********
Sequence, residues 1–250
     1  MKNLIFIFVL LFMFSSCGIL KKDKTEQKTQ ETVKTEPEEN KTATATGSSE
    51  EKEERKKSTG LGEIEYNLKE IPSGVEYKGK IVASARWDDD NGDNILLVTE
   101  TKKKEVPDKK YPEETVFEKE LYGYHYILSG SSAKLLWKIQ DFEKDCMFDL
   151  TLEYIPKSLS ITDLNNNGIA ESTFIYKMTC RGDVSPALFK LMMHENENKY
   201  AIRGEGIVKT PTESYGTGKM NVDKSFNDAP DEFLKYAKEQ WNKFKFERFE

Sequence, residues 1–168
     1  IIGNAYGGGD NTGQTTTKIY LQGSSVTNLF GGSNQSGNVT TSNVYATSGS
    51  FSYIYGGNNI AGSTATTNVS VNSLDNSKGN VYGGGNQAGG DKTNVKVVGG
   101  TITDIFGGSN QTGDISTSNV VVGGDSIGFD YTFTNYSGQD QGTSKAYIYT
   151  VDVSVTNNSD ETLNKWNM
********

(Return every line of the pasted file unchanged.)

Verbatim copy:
Sequence, residues 1–250
     1  MKNLIFIFVL LFMFSSCGIL KKDKTEQKTQ ETVKTEPEEN KTATATGSSE
    51  EKEERKKSTG LGEIEYNLKE IPSGVEYKGK IVASARWDDD NGDNILLVTE
   101  TKKKEVPDKK YPEETVFEKE LYGYHYILSG SSAKLLWKIQ DFEKDCMFDL
   151  TLEYIPKSLS ITDLNNNGIA ESTFIYKMTC RGDVSPALFK LMMHENENKY
   201  AIRGEGIVKT PTESYGTGKM NVDKSFNDAP DEFLKYAKEQ WNKFKFERFE

Sequence, residues 1–168
     1  IIGNAYGGGD NTGQTTTKIY LQGSSVTNLF GGSNQSGNVT TSNVYATSGS
    51  FSYIYGGNNI AGSTATTNVS VNSLDNSKGN VYGGGNQAGG DKTNVKVVGG
   101  TITDIFGGSN QTGDISTSNV VVGGDSIGFD YTFTNYSGQD QGTSKAYIYT
   151  VDVSVTNNSD ETLNKWNM